A quick tutorial on Ansible

Hello all! Today, we had an ansible session in #dgplug by trishnaguha. Before the session, I just had an idea about ansible, that it is used in sort of YAML deployment or something. But never really tried it before. It was a nice experience using ansible. Let me give you a quick wrap up of the session.

What is Ansible?

Ansible is an IT automation tool. It can configure systems, deploy software, and orchestrate more advanced IT tasks such as continuous deployments or zero downtime rolling updates.

On a simple note you can automate tasks with ansible 🙂

Read about this tool from Ansible Documentation.

The Tutorial Begins


  • GNU/Linux
  • Ansible >= 2.6.0
  • SSH key-pair
  • openssh-server

Step by Step:

1. Run sshd (if it is not running):

$ sudo systemctl start sshd

2. Copy your ssh key to localhost

$ ssh-copy-id <username>@

3. Run first ansible command

$ ansible all -i "localhost," -c local -m ping

It returned SUCCESS pong

4. Say hello to localhost 🙂

$ ansible all -i "localhost," -c local -m shell -a '/bin/echo hello'

It returned hello

5. Create a directory and go inside it:

$ mkdir demo; cd demo

6. Create a file here:

$ touch hosts

7. Put some content in the file:

 $ echo "localhost ansible_connection=local" >> hosts

This file hosts  is known as inventory.

The way we added localhost in our custom inventory, we call it ungrouped hosts.

See default hosts file of ansible in your system at /etc/ansible/hosts

8. Run ansible using our custom inventory.

$ ansible all -i hosts -m shell -a '/bin/echo hello'

It returned:  hello

9. Edit the inventory now (to make localhost a grouped host).

Put [webserver] (groub label) above localhost ansible_connection=local and the content of hosts file becomes.

localhost ansible_connection=loca

10. Run ansible again using group name.

$ ansible webserver -i hosts -m shell -a '/bin/echo hello'

Till now, all the ansible commands we have used are called ad-hoc commands, which is something that you might type in to do something really quick, but don’t want to save for later.

11. Now have a look at playbook

As Trishna informed us about “playbook” in her own words:

Till now we were passing all operations need to be executed via command line argument. We would not want to run these modules/task as argument every time we want to configure something as it will neither be feasible if we want to execute multiple operations at a time and we want the operations to be saved.

This is where the term “playbook” comes into play. Playbook is a YAML file that contains one or more plays where each play contains target host and performs a series of tasks on the host or group of hosts, specified in the play.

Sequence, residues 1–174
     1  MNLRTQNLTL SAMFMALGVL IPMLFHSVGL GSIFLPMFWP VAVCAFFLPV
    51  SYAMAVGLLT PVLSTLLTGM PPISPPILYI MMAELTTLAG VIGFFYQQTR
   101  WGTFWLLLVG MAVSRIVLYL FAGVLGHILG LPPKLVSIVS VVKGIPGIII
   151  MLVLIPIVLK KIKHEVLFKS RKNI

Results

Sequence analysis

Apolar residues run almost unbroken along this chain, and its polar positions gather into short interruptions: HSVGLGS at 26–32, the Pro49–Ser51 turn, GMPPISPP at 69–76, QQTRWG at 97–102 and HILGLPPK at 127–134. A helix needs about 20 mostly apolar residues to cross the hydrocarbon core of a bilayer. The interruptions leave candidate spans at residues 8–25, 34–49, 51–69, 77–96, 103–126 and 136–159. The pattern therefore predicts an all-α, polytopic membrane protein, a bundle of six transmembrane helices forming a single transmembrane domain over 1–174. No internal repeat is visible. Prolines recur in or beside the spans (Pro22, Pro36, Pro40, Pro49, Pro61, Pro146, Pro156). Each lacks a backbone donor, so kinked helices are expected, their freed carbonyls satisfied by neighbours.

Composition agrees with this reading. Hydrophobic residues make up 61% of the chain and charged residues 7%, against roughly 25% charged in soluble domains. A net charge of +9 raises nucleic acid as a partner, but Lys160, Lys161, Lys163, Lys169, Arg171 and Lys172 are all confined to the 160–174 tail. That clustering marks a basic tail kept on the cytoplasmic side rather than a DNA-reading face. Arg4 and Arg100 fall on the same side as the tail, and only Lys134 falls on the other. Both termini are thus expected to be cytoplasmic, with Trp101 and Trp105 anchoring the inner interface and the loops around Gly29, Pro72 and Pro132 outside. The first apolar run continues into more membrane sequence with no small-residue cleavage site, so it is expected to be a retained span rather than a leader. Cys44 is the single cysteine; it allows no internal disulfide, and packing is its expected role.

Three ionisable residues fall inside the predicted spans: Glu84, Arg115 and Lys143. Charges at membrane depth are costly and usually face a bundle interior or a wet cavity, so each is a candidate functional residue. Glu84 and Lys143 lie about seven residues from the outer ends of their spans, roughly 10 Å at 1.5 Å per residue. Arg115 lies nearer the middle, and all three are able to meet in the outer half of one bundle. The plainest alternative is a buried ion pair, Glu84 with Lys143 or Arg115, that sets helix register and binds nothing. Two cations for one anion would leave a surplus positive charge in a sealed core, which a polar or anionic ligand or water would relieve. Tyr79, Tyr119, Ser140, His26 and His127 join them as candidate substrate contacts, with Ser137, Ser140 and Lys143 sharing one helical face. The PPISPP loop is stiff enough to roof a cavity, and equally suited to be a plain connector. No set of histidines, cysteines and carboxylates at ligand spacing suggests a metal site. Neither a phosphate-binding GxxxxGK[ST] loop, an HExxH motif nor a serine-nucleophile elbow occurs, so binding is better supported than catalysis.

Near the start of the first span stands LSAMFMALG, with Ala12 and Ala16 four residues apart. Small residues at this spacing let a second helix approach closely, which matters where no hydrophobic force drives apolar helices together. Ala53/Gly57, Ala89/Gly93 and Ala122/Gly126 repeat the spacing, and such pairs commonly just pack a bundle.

And a bit about modules:

Modules are the programs that perform the actual work of the tasks of a play. The modules referenced in the playbook are copied to the managed hosts. Then they are executed, in order, with the arguments specified in the playbook

Argument -m  in above ansible commands specified the module to use.

12. Create a playbook file (.yml)

$ touch demo.yml

13. Put content in demo.yml (care about indentation)

- hosts: webserver
  connection: local

  - shell: /bin/echo hello

Explanation of the content:

webserver name of group.
– Using the connection plugin we want to communicate with the host.
– The keyword tasks contains the operations that are to be performed on the destination host.
– Each operation <module (shell) with its arguments/options> are called task. We can add multiple tasks under this section.

14. Run playbook

$ ansible-playbook demo.yml -i hosts -v

ansible was the command we were using for ad-hoc commands, whereas ansible-playbook is the command for running playbook.

15. Edit playbook file

Now we tried 2 tasks in playbook, content of demo.yml becomes

- hosts: webserver
  connection: local

  - shell: /bin/echo hello

  - ping:

16. Run playbook again

$ ansible-playbook demo.yml -i hosts -v

17. Create a custom ansible.cfg

Certain settings in Ansible are adjustable via a configuration file: ansible.cfg

Default configuration can be found here: /etc/ansible/ansible.cfg

Let’s create our own custom ansible.cfg

$ touch ansible.cfg

18. Add following contents to ./ansible.cfg


Explaination of the content:

[defaults]  is the tag in ansible.cfg file, where we can pass certain configuration for our playbooks.
– Here inventory=hosts means we are telling ansible to use the inventory file “hosts”

19. Run playbook again (Note: we do not have -i hosts anymore)

$ ansible-playbook demo.yml -v

Ansible will always look for ansible.cfg first in the current directory then in the default directory.

20. Read more about ansible 🙂

Useful references


With this, we have reached the end of this post, overall I found ansible to be a great tool in which definitely there is so much to learn. I would like to thank Trishna Guha for giving an amazing session!

Thank you!

See you in the next post 🙂



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